The last time YIMBY reported on plans for 75-83 Nassau Street was back in June of 2015, when we featured a fresh set of renderings for the 40-story tower, which is being designed by ODA New York. Building applications were filed a few months before that, in March of 2015, but the site’s old structural occupants remain extant. Now, as of last week, demolition permits have finally been issued, indicating developer Lexin Capital is about to begin work.
75 Nassau Street’s 40 floors will result in a rooftop 498 feet tall. What would be the tallest residential building in most major American cities will be mostly lost within the growing skyscraper thicket of Lower Manhattan, though its appearance should still prove iconic, providing solid urban infill.
With projects like 118 Fulton getting ready to open and 130 William, 45 Broad, and 125 Greenwich all under construction in the vicinity, 75 Nassau may as well be a mid-rise building in terms of its relative scale. Despite its size, the design should not disappoint, and ODA’s touch will result in angular undulations through the tower’s rise.
Within, the total construction area will measure 307,000 square feet. 197 units will take up 229,000 square feet of that, averaging over 1,150 square feet apiece, likely indicating condominiums.
At the top, the tower will apparently be crowned by extensive greenery, though this usually does not pan out when depicted in renderings. In any case, ODA describes the project on their website as follows:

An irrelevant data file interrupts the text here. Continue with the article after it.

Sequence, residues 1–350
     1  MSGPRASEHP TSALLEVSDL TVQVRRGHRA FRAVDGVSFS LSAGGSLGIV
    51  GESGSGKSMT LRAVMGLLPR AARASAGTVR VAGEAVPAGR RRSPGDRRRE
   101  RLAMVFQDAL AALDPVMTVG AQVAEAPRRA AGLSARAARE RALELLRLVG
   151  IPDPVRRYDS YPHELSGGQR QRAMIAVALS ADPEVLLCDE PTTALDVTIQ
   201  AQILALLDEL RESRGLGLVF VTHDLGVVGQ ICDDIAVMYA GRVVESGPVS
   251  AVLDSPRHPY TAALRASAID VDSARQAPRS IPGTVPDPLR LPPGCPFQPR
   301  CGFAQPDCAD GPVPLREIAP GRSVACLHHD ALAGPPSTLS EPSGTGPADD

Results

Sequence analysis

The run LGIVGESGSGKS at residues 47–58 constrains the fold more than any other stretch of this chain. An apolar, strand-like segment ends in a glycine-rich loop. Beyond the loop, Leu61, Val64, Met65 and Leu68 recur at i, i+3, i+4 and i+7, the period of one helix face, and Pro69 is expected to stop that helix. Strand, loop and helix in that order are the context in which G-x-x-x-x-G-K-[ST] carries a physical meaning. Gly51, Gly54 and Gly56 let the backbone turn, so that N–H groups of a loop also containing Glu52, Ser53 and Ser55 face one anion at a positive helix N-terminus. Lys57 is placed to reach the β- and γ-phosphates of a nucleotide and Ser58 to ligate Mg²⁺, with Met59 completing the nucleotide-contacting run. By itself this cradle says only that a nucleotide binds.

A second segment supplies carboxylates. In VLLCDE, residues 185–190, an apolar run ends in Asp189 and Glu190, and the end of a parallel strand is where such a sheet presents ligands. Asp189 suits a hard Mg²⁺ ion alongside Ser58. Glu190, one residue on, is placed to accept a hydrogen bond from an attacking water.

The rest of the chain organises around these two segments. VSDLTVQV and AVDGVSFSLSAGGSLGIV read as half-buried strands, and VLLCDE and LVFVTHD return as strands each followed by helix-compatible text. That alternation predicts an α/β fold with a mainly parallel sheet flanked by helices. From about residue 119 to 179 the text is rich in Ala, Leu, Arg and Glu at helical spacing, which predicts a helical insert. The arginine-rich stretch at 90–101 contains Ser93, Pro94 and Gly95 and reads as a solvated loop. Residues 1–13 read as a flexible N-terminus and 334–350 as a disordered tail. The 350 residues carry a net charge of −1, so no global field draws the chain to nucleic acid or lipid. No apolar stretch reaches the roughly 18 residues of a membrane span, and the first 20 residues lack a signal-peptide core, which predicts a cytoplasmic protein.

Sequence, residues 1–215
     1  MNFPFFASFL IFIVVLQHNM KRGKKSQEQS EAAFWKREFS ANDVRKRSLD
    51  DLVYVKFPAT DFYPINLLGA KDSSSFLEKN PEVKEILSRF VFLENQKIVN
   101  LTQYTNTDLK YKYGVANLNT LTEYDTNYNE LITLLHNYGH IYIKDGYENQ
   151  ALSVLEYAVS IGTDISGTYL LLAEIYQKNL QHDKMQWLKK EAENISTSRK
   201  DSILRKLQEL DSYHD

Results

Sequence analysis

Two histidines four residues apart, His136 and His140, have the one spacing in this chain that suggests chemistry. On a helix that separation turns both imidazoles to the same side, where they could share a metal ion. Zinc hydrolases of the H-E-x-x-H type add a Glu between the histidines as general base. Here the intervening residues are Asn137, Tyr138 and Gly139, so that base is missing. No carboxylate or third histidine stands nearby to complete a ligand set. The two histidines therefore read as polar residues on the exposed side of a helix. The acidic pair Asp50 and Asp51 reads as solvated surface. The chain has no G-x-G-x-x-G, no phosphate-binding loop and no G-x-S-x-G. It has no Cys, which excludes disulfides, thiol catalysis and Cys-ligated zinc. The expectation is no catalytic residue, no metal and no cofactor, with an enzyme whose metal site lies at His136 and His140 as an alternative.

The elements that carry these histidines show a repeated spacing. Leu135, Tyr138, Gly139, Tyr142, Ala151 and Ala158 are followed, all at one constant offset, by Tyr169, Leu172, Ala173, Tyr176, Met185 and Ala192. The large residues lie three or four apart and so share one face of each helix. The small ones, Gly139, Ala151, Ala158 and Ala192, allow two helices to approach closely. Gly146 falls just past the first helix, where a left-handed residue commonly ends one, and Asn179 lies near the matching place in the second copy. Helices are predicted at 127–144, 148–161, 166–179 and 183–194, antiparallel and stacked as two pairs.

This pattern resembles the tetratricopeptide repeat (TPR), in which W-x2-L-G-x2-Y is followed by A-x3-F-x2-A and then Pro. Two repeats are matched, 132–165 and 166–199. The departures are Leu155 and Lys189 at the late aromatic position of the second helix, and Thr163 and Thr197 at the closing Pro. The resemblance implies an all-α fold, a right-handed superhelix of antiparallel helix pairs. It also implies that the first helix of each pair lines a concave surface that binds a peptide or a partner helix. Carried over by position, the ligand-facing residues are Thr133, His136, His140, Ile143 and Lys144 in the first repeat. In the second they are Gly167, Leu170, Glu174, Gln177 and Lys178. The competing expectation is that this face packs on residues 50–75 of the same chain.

In an era of iconic skyscrapers, Nassau brings the qualities of residential living to a neighborhood populated by office towers. Along the tower’s height, the volume edges are fragmented through an undulation of terraces. This identifies the building among the surrounding two-dimensional envelopes and provides exterior space unaccustomed to the Financial District’s skyscrapers. A rooftop tree garden characterizes the building’s pinnacle, capped like a natural version of the Woolworth peak.
No formal completion date has been announced, but with demolition only just beginning, a three year estimate until opening day would not be unreasonable.
With concrete now pouring for Lightstone’s 130 William Street directly across Nassau Street, and work also underway for 23 Park Row, the vicinity’s residential boom only appears to be accelerating. In fact, the northern slice of the Financial District between Fulton Street and City Hall Park seems to be the first segment of the neighborhood to start losing its office character most entirely.